Re: [asa] Critical review of Dawkins' Book by the "Liberal Media"

From: Janice Matchett <>
Date: Fri Dec 29 2006 - 16:17:43 EST

I found it!

It was something I posted in the thread on FR I started. Here it is. ~ Janice

Sees Room For Belief (Francis Collins)
and Religion] The News & Observer, Canada ^ | July 21, 2006 | Catherine Clabby
Posted on 07/23/2006 1:34:01 PM EDT by

[snipped commentary] Dropping down to my post #4:

I think this is a pretty interesting item:

Thursday, January 19, 2006 - 7:00 PM

Dr. John Walton - Reading Genesis 1 with Ancient Eyes: What does it
mean to create?

If we are to reach an understanding of an ancient text such as
Genesis 1, we have to be able to think about the issues the way the
ancients would have.

A foundational issue is the way people think about existence.

In the ancient world they believed that something existed when it had
a role and a function in an ordered system. This is in stark contrast
to our way of thinking, that something exists when it has material properties.

In our world, to cause something to exist (i.e., to create) involves
giving something material properties. In the ancient world, to cause
something to exist involves giving it a function and a role.

In Hebrew, the word translated "create" (bara') expresses this very idea.

So, "In the beginning period (the Hebrew expresses a period, not a
point, referring to the seven day period), God created (gave
functions to) the cosmos.

Thus in Gen. 1:2 the narrative starts with no functions (not with no
matter), and assigns functions by separating and naming.

After the major functions of human existence are established, he
assigns functionaries to their various spheres.

The cosmos is portrayed in the ancient world and in the Bible as a
temple, and temples are designed to be micro-models of the cosmos.

Temples are built in the ancient world for the gods to rest in, which
does not refer to relaxing, but to enjoying and maintaining security
and order.

With the mention of God's rest on day seven, we can see that Genesis
1 is also thinking about the cosmos as a temple.

God is creating his dwelling place, putting people into it as his
images (representatives), and taking up his place at the helm to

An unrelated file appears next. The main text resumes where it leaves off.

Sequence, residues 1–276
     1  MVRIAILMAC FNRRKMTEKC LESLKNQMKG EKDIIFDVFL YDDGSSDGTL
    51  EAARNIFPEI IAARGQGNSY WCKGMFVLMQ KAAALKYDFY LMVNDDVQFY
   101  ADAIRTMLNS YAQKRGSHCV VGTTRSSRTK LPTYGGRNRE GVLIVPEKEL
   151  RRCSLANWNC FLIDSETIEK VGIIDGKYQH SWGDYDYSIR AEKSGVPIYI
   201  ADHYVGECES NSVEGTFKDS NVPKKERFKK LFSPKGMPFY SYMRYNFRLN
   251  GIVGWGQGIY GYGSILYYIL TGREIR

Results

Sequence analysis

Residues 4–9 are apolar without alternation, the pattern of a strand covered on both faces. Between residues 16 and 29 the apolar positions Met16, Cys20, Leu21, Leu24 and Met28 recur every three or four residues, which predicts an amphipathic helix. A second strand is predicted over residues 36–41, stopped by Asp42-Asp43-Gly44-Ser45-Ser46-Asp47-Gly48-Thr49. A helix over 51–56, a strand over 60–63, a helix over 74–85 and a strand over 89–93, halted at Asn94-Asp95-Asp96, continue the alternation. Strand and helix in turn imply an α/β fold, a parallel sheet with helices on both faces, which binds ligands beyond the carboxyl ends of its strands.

maintain the order he has established.

The theology of the text presents God as the one who is the founder
and CEO of the cosmos. He has brought order, established functions,
and maintains the cosmos moment by moment.

The insistence on his purposes and his engagement are the polar
opposite of a naturalistic view of creation, which has no room for
purpose or divine engagement.

The theology also speaks to the real issue of creation: who is in charge?

Dr. Walton is Professor of Old Testament in Biblical and Theological
Studies at Wheaton Graduate School, Wheaton IL. He received his PhD
in Hebrew and Cognate Studies from Hebrew Union College - Jewish
Institute of Religion in 1981. (more)

posted on 07/23/2006 10:51:43 AM PDT by

At 02:16 PM 12/29/2006, Jim Armstrong wrote:

>Yeh, there was conversation on this particular matter some months
>ago. I had run into this understanding through a lecture on ancient
>Hebrew thought relating to Genesis by4 Dr. John Walton, OT
>Professor. A smilar lecture is on the Wheaton site. JimA
>Janice Matchett wrote:
>>It seems to me as if I read somewhere that in Hebrew thought there
>>is an idea that until God names and gives function to what he has
>>created out of nothing, it doesn't exist in time, even though it exists.
>>I don't know if I got that right or not. I vaguely remember either
>>posting something , or reading something to that effect. If so, I
>>believe it may have come from some ANE literature that J.P. Holding
>>was discussing in one of his commentaries. When I get time I'll
>>try and track it down.
>>That may be what Jim is referring to. Or not. :)
>>~ Janice

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Received on Fri Dec 29 16:17:57 2006

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